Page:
One day on the Camino, and I already can feel a change taking place over me.
Sunday morning, I woke up at 7 to shower and make sure I was out the door by 8 to catch my 8:40 bus to Irun. Bilbao was completely empty, a ghost town. I sort of liked it. I started reading Freedom by Jonathan Franzen, which so far is shaping up to be a good book and listened to Mariah’s Me…I A Am Mariah…The Elusive Chaunteuse. The bus arrived to Irun about 15 minutes late. I looked at the map in the train-bus station and figured out a way to get to the Puente de Santiago, where I wanted to start my journey.
Irun is one of the most complicated and difficult cities to get around in. I’ve been there a few times before to change trains in Hendaye. It is the last town before crossing over into France, and it definitely has a border-town vibe. It has a bad reputation for being industrial, but I saw a lot of interesting places there today and would say it is a place of interest to return to to get to know better. After a second breakfast of tortilla de patata (my first was at home) and relaxing café con leche and stocking up on some frutos secos for the journey, I took off to get lost. All the times getting lost in Irun Sunday provided several extra kilometres, I’m sure. I was ready to give up, but I sojourned on, fighting that voice telling me it would be okay to give up. I eventually found the Camino and walked it in reverse to start at the Puente de Santiago at the border on the Bidasoa River.
I went into the first bar on the SPANISH side, and the woman at the bar spoke to me in French. I said “bonjour” and switched to Spanish, and she berated me for not speaking French when we are in the part of the Basque Country pertaining to Spain. Seriously. When I am in France, I use what little French I know and NEVER speak English unless I hear a “oui” to “Parlez-vous anglais ou espagnole?” So I was a bit disconcerted. I showed her the credentials and asked for a stamp, which she gave to me. I was off on my way an hour and a half after I had intended to leave.
On the way to Hondarribia, I lost track of the arrows. Now, Hondarribia is one of my favourite villages ever, but today I wasn’t looking for a return visit. After walking probably a kilometre out of my way, I finally found the damn arrows again thanks to the signs pointing to a place on the Camino: Guadalupe.
Hiking to Guadalupe came via a Basque back road, where people said “Aupa/Kaixo” and all you heard were Euskera. Eventually we got to a trail which took us to the Santuario de Guadalupe with fantastic views of Hondarribia. I swear you could see all the way to Biarritz in France. The lady at the souvenir stand struck up a conversation with me and stamped my credenciales. She was very impressed with my Basque (I know maybe 20 words, nothing to hold a conversation. Bilbao is the capital of the world, not the Basque Country (just the largest town as a population 350.000 does not make it a city), so I think they speak only Spanish in Bilbao out of spite toward Vitoria-Gasteiz. I digress.) and gave me some water for the journey. I helped her close up shop, and after a quick prayer at Guadalupe, I continued on my way. She would be the first to offer me a “buen camino”.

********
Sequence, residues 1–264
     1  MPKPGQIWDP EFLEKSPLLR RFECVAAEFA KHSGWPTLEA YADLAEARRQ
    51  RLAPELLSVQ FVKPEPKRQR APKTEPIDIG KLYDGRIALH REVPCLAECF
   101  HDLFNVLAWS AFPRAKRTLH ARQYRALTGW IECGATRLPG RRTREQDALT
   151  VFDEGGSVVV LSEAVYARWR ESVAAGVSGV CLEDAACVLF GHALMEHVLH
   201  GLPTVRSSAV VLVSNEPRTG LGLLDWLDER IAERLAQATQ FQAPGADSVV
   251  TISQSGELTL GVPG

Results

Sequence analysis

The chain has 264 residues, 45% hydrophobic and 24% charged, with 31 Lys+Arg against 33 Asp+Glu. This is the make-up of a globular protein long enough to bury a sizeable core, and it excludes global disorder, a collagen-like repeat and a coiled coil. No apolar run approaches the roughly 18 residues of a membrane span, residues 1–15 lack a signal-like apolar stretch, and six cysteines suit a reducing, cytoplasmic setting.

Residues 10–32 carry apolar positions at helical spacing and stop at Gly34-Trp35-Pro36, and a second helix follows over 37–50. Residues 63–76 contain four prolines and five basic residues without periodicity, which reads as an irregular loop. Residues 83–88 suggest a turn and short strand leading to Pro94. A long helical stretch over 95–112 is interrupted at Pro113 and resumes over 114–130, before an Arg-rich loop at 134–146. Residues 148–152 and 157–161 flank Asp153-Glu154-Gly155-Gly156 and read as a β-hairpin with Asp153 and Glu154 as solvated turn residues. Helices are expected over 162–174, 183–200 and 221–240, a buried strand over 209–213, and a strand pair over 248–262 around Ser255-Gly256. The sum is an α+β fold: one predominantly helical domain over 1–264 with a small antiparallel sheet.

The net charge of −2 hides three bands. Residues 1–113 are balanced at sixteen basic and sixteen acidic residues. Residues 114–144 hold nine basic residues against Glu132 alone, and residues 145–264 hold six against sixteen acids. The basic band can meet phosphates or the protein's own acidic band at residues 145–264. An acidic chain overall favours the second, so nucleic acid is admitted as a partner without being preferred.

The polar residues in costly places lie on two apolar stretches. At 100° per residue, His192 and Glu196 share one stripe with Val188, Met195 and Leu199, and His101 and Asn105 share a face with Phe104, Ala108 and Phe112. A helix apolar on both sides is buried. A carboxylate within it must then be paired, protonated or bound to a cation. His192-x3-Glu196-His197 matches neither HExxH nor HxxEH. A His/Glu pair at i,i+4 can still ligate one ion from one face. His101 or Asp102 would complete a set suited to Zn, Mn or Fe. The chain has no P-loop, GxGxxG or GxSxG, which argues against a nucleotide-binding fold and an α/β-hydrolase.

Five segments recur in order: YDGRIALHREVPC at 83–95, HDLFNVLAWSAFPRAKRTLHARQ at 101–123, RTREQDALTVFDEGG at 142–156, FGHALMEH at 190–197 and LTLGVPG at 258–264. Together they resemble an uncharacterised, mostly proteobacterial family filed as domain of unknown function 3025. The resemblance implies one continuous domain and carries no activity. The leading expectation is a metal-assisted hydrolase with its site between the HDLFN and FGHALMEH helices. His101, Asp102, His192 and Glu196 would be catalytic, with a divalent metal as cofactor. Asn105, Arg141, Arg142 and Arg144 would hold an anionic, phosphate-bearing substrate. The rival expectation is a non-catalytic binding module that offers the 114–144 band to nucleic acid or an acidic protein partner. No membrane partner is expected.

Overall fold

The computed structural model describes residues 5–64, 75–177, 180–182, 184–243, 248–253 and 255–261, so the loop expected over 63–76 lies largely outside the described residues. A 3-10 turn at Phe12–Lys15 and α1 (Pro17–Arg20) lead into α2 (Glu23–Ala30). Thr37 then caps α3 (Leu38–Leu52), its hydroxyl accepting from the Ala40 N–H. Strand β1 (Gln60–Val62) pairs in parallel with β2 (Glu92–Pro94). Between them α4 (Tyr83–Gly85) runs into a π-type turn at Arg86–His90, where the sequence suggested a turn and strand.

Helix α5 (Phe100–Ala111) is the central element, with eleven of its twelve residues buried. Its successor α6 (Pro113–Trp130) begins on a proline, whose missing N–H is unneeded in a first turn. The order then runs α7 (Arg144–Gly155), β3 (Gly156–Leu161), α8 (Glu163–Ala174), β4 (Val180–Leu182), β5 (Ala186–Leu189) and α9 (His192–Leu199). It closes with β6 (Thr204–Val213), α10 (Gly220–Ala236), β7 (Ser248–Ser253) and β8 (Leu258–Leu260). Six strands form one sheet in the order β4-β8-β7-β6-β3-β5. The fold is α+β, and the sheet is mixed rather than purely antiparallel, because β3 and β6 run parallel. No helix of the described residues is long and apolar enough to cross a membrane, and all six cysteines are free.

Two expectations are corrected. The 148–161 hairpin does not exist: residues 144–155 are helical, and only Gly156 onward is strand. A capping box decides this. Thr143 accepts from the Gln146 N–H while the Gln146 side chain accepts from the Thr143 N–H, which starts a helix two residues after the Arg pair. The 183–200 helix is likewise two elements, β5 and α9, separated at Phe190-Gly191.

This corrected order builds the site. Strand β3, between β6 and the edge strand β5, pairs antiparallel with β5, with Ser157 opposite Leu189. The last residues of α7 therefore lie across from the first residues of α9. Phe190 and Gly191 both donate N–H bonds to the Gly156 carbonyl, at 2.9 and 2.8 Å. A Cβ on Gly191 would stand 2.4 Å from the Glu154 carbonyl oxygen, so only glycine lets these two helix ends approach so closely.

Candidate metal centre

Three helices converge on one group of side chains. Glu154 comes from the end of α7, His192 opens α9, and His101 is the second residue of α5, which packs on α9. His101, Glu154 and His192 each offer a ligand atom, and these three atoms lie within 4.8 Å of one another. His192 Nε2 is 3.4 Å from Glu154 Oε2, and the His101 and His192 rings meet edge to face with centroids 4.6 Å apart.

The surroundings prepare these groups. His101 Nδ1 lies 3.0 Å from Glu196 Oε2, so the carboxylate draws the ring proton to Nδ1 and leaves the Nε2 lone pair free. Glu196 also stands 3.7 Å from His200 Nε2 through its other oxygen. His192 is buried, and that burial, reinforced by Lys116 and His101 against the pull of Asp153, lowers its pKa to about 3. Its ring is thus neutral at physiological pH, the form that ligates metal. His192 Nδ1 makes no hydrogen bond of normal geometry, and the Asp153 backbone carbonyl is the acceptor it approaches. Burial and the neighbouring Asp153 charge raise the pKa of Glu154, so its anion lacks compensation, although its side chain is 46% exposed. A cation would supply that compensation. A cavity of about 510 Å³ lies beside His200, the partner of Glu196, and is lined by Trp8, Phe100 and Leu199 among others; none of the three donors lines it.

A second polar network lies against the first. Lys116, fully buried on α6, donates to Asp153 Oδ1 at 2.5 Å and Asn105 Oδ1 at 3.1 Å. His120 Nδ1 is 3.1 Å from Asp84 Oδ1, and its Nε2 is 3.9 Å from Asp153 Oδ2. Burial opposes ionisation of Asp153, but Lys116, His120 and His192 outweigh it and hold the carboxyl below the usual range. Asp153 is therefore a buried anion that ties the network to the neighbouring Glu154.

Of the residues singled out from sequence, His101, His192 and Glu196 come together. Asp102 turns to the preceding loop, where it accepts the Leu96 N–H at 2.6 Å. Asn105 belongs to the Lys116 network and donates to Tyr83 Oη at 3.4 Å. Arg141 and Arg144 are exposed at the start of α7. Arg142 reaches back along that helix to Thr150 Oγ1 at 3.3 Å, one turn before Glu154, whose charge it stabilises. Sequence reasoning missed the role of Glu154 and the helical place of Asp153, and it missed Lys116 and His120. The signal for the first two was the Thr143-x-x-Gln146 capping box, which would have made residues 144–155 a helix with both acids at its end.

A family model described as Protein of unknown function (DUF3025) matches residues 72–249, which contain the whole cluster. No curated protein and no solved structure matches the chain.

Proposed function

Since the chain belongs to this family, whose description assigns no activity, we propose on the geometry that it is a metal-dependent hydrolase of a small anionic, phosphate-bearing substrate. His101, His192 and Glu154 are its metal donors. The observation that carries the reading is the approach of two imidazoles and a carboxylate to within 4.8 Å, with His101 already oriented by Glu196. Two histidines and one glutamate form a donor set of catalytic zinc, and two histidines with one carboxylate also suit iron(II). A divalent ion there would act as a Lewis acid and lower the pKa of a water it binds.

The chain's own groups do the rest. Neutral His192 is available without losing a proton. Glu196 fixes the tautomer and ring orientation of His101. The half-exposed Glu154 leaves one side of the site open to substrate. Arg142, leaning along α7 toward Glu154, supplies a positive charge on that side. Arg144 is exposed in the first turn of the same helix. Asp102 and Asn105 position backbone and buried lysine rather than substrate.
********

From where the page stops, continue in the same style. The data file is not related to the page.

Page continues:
It was 10 kilometres to Lezo, and I was already feeling them. The path went through beautiful mountains, and looking back you could see a long way through the French coast. I was quite happy to say goodbye to views of Hondarribia as it meant I was finally on the Camino. It took a little over two hours. I saw some fountains with the word “ona” (good) in Basque written on them, and a lot of yellow arrows that reassured me. I took the easier of the two trails, as I didn’t feel I was an alpinista. Then, I had the choice to go through Lezo or straight to Pasaia. I was craving a café con leche, so I went through Lezo. It was a small one-horse town that was shut down except for a small food shop where I got my Aquarius fix, and I went ahead and walked the last kilometre to Pasaia.
Pasaia is another one of my favourite villages. It has a water taxi that you have to take to cross from one part to another for the small fee of 70 cents. I went to the tourist office to get a stamp, but she told me to go up to the albergue (hostel) to get a more official stamp. It was next to another hermita, and I saw that I have 825 km to go to Santiago. Joy!
The couple that ran the albergue were also super nice and we talked a bit about Bilbao, but I wanted to get on my way. Pasaia was my last stop today before returning to Bilbao so I could crash. I was feeling a bit like I wasn’t a real peregrino (pilgrim) as I was only starting out with one day, but this is going to be a journey, literally and figuratively. The woman at Guadalupe reminded me “poco a poco, no hay prisa, Santiago estará cuando llegues.” (Step by step, there’s no rush, Santiago will be there when you arrive.) I felt such inner peace while on the Camino, once I finally found my way in Hondarribia, as I was really close to calling it a day there. I was so glad I went on.
I cannot wait for day 2. I’ve already done the bit from Pasaia to Donostia (six km or so, about an hour), so I am thinking Day 2 will begin from Donostia, even if I feel like I’m cheating a bit.
Until the next etapa…